“A tithe of a tithe,” and a Cleansing from Sin (Numbers 18-19)

Scripture Reading – Numbers 18-19

Numbers 17 addressed the establishing of Aaron, and his sons as the priestly lineage, while Numbers 18 outlines the duties of the priests and Levites, and the care and support of their families.

With the rebellion of Korah, and the men who followed him still fresh (Numbers 16), it was prudent for the LORD to address Aaron regarding the sins of his “father’s house” (remembering that Korah was of the tribe of Levi, 18:1). The honor of the priesthood, and the sins committed by the tribe of Levi, were to weigh upon Aaron, and his sons.

The tribe of Levi was chosen by the LORD to assist the priests in their duties; however, they were not to usurp their authority, nor approach the “vessels of the sanctuary and the altar,” lest they die (18:2-3). None, but the priests, were to “keep the charge of the sanctuary, and the charge of the altar” (18:5-7).

Numbers 18:8-20 – The Care and Support of the Priests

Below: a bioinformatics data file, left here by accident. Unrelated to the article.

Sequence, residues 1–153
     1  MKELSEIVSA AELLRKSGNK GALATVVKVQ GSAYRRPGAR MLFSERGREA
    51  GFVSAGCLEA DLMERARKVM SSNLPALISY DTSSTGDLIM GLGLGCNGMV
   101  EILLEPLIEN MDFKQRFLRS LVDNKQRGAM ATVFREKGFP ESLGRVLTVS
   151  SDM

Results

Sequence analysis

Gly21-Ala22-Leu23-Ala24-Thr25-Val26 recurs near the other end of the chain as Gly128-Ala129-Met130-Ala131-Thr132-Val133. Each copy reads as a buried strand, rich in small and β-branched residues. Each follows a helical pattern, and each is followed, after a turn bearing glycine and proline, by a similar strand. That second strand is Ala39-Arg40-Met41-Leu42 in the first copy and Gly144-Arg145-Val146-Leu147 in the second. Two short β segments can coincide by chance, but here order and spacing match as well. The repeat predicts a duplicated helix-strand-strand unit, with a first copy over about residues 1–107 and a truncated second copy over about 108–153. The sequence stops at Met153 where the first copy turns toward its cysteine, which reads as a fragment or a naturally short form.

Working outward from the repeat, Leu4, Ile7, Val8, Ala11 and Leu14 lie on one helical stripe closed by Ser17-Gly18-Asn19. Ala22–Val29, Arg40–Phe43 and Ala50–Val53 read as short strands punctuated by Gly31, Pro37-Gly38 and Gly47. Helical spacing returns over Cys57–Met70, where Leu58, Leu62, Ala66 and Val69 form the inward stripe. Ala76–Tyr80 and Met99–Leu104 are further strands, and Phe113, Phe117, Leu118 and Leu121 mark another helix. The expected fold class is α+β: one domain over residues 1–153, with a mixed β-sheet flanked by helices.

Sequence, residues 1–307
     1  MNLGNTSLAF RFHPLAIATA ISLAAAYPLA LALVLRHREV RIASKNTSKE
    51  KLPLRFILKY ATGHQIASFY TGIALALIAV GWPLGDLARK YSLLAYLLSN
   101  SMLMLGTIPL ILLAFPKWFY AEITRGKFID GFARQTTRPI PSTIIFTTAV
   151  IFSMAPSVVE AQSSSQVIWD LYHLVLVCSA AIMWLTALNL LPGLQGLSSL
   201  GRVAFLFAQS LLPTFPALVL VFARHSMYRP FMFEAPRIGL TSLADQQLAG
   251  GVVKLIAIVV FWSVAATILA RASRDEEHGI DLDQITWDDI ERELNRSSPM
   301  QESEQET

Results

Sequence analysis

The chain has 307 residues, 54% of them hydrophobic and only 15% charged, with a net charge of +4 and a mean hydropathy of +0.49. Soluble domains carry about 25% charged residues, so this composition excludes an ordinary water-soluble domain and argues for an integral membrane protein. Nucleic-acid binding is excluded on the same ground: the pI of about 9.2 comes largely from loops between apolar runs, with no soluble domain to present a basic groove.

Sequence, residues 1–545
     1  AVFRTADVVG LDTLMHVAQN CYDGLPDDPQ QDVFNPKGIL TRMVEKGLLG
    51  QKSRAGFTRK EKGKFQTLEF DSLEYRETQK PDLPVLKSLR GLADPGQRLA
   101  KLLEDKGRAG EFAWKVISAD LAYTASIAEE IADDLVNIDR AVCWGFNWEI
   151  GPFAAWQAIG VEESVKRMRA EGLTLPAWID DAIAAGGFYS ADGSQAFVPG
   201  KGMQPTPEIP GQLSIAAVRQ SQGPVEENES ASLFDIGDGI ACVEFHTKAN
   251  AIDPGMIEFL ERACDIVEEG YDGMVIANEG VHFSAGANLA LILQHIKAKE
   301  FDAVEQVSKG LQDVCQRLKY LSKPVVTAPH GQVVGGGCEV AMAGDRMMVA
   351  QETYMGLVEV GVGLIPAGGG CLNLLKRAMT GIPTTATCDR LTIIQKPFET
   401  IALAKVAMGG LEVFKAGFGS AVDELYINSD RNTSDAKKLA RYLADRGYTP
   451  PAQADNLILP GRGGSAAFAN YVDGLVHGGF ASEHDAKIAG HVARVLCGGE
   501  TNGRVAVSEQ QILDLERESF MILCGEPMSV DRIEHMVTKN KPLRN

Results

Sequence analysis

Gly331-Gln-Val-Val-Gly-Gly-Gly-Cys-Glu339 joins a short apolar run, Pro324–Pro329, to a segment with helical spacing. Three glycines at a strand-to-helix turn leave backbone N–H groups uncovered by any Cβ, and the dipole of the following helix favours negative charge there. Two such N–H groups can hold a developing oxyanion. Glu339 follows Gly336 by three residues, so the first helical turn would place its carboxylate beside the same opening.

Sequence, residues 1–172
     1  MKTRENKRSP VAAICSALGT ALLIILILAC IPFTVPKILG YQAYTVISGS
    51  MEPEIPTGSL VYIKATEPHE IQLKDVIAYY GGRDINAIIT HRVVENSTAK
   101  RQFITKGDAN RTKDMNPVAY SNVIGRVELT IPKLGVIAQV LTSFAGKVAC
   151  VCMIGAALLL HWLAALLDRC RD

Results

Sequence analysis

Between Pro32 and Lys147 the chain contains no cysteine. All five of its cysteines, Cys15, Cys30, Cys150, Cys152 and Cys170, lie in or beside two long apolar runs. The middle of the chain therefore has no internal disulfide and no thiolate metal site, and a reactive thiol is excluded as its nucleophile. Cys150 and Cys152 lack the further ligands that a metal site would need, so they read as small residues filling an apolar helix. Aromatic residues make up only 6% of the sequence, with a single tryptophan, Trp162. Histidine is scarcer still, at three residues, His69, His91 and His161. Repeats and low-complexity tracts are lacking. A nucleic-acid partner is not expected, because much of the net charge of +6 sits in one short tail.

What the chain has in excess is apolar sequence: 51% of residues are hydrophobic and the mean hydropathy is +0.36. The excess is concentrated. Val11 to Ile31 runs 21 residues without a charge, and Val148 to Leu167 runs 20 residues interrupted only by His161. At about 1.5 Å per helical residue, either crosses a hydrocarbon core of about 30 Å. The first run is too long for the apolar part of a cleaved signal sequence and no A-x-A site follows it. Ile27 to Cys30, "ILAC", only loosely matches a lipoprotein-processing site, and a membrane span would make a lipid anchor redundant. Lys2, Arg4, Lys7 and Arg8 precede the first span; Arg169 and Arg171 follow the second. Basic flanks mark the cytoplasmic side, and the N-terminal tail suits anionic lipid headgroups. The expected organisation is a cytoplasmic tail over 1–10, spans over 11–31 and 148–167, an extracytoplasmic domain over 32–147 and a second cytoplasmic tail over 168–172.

You will notice the mention of “heave offerings,” throughout this passage. What were they? They were a portion of the sacrifices that were brought by the people, and set aside by the LORD for the priests (Exodus 29:27-28). The heave offering was specifically the right shoulder of a cow, ram, or goat that had been sacrificed (Leviticus 7:34; Numbers 6:20). The first-fruits of the harvest were also designated heave offerings (Numbers 15:20-21). The needs of the priests, and their families were met through the heave offerings (18:9, 11-13), and was to be eaten “in the most holy place,” that being the court of the Tabernacle (Numbers 18:10).

Numbers 18:21-24 – Provision for the Levites

Like the priests, the Levites would not have an inheritance in the Promised Land (18:21). Rather than being engaged in securing land, their focus was to be upon “the service of the Tabernacle of the congregation” (18:21). While the children of Israel were occupied tilling their lands, and caring for their flocks and herds, the Levites were supported by “the tenth (or the tithe) in Israel” (18:21), “given to the Levites to inherit” (18:24).